The latest technology in unmanned aircraft has its roots in the very distant past
Two disparate concepts can sometimes join together to create a perfectly harmonious third. Few people would have thought that peanut butter and jelly would taste good together, but they do. No one would have guessed that combining two gases -- hydrogen and oxygen -- would produce the liquid called water. But they do.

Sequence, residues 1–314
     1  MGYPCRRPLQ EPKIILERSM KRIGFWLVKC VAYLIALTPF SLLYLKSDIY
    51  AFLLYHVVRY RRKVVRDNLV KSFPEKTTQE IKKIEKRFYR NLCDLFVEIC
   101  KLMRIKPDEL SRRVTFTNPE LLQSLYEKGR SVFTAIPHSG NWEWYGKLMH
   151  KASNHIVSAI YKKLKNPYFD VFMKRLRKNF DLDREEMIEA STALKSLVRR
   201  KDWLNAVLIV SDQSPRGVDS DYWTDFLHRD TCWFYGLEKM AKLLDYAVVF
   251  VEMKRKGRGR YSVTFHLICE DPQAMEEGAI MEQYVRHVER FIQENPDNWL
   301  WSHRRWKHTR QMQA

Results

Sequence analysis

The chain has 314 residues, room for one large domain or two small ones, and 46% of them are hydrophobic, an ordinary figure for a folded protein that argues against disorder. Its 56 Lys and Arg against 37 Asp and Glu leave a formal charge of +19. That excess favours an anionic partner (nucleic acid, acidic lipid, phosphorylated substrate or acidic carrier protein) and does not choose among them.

The verdict is still out on what exactly will be the outcome of a paleontologist, Sankar Chatterjee, putting his scientific head together with that of an aeronautical engineer named Rick Lind. But so far the results have been intriguing. The object of their collaboration is a project called the pterodrone, an unmanned aerial vehicle modeled on the flying prowess of an early Cretaceous pterosaur, Tapejara wellnhoferi.